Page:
Squeal if They Have a Biting Habit

Most rabbits do not bite, but this does not mean that they can’t or that yours won’t. Even the gentlest rabbit may give your hand a bit of a nibble as a sign that they like you. Try to tolerate gentle nibbles to your skin, as this does not really cause any harm and is just your rabbit trying to tell you something. Be conscious, however, that your rabbit might bite if you’ve missed something they’re used to or if they’re feeling hungry for either food or attention. 

It will be clear if your rabbit is biting out of anger. If you’re keen to make them stop, a loud enough squeal – but not loud enough to cause alarm – should do the trick.

A rabbit that is biting out of affection will respond to the idea that they may be causing harm and decide not to do so again. Subtle communication like this can be so useful.

Avoid Clapping

Clapping might be pleasant to human ears, but rabbits consider sharp and sudden loud noises alarming. If you clap to get them to stop something, they simply will not get the message because they will only be focused on their own distress. Even worse, as rabbits are prey animals, a sudden shock can prove fatal.

Gentle and calm behaviors are best for bonding with a pet rabbit; therefore, rely on a method other than clapping that will not have a negative effect.

Never Hit or Employ Physical Force

Just as picking a rabbit up after they have been naughty is too lenient, taking a physical approach when they misbehave is going too far. In both instances, you need to be subtle so that they can learn without becoming scared.

You should also never punish them for a habit they can’t help: chewing. Rabbits need to chew, so make sure they have enough hay and toys. This is a better way of stopping them nibbling on your furniture than shouting at them or striking them.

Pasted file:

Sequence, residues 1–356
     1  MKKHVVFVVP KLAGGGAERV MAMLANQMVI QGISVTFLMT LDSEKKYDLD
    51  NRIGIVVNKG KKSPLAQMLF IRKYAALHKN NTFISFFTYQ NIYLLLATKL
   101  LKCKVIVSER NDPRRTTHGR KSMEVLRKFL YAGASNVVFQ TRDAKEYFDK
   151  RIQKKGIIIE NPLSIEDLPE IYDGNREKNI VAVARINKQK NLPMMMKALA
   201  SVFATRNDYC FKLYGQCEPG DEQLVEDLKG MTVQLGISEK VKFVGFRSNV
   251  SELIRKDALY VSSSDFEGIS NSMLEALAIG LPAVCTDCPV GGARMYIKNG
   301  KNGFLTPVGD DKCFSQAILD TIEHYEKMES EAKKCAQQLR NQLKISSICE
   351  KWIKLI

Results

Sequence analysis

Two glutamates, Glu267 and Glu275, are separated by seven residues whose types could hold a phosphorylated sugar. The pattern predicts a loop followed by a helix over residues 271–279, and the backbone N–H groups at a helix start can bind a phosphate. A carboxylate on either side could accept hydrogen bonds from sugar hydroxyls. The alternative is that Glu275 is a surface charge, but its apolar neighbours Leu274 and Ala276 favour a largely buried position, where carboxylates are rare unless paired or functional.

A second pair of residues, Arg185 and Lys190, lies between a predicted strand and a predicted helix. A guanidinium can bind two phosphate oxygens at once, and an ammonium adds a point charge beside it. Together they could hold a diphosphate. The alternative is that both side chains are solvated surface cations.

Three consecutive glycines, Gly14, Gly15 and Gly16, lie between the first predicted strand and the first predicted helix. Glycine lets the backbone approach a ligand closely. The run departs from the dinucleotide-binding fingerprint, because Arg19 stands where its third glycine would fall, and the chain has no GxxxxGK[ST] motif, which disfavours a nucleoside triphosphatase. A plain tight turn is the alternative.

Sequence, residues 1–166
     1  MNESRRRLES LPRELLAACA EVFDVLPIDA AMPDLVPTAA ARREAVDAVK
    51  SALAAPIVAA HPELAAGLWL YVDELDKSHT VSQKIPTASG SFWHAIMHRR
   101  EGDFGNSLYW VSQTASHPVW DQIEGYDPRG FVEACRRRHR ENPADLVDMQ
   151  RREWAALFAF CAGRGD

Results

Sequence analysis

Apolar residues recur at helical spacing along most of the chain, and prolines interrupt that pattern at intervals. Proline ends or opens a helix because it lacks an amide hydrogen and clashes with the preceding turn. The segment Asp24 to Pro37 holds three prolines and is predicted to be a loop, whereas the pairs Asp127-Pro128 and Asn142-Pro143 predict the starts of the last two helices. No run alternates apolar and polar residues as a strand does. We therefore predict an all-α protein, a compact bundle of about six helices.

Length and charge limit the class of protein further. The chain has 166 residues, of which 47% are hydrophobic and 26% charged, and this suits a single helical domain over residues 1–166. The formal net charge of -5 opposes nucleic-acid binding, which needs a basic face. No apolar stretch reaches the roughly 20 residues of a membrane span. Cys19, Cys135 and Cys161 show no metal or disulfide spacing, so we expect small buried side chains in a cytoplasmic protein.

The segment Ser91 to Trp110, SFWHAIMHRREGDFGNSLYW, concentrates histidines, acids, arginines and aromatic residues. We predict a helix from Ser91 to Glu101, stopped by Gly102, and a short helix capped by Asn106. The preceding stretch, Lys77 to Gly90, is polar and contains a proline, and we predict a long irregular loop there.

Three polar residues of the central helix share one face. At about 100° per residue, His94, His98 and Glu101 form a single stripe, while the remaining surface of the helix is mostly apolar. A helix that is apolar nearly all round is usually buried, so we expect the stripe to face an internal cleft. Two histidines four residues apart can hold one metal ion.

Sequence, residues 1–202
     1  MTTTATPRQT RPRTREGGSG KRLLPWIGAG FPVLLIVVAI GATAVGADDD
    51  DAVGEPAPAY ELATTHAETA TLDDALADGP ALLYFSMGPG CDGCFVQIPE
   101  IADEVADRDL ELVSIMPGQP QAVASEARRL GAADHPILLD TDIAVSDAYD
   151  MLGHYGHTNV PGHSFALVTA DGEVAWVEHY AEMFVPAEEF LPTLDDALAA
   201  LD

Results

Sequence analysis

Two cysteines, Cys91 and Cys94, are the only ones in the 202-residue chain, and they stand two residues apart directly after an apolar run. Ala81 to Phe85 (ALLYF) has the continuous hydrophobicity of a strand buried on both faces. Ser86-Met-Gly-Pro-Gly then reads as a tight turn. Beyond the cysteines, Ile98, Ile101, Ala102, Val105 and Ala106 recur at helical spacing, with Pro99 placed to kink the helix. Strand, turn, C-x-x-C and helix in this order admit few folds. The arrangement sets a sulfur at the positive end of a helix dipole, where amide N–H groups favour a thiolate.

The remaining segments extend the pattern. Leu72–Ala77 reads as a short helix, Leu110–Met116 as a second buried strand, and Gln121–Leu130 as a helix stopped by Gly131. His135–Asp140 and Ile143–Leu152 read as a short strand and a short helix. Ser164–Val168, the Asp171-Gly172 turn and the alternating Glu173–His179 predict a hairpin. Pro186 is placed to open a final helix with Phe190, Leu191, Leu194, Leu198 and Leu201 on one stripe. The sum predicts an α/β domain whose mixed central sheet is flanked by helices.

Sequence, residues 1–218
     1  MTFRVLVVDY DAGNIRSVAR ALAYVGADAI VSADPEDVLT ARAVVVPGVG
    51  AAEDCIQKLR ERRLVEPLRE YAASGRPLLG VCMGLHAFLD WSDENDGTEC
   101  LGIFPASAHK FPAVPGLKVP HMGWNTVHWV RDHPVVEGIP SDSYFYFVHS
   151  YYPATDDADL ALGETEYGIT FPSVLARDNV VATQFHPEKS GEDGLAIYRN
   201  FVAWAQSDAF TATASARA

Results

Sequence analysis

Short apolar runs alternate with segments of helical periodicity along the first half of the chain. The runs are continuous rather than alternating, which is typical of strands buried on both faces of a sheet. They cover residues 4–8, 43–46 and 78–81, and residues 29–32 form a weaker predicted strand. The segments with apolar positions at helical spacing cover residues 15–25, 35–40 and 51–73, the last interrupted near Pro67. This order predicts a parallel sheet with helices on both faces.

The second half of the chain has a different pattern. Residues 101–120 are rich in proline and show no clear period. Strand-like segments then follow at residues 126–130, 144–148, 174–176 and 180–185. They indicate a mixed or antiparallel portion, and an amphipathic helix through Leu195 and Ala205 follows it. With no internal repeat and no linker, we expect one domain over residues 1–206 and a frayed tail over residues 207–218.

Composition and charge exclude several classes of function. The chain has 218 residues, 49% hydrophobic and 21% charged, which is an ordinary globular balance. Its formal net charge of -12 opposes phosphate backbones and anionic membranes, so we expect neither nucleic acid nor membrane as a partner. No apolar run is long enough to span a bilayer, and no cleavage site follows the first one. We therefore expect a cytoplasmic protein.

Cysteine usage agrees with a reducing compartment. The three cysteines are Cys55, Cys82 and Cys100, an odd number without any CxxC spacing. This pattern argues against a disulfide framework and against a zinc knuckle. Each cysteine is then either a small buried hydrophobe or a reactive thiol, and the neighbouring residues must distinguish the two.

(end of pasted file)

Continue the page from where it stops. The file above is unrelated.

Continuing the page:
Striking a rabbit brings no benefit to either of you; your rabbit will likely become traumatized and never trust you again. Some rabbits can hide for days if they get scared.

Accept Certain Behaviors and Refocus Habits

Rather than looking to change your bunny’s character, refocus their attention on to something else instead, such as a chew toy. Take a smart approach and remove anything precious from their reach, and if a certain behavior is not an issue, just let it go. 

All rabbits will have their own habits and preferences, so it’s just a matter of finding what suits them. As rabbits appreciate having something to chew on, support them by offering plenty of options. Your rabbit may have a favorite toy, for example, so offer the toy for them to nibble on rather than allowing them to chew something you don’t wish to see damaged. Also ensure that they get plenty of stimulation in their lives, as this will reduce any bad habits.

It might not be possible to change a rabbit’s habits completely, but they can be significantly reduced so as not to cause a problem. Allowing your rabbit to continue with their chewing habits to some extent is better than removing all opportunities completely, as this will stress them.

Use a mixture of activities, interactions, and toys to draw their attention and reshape habits. Most decent pet shops will have some fun options, such as balls to play with or slopes to run up and down.

If a rabbit enjoys a certain activity, then do your best to encourage it, as restricting their access can lead to aggression. Try to be patient and understanding as you get to know your new friend.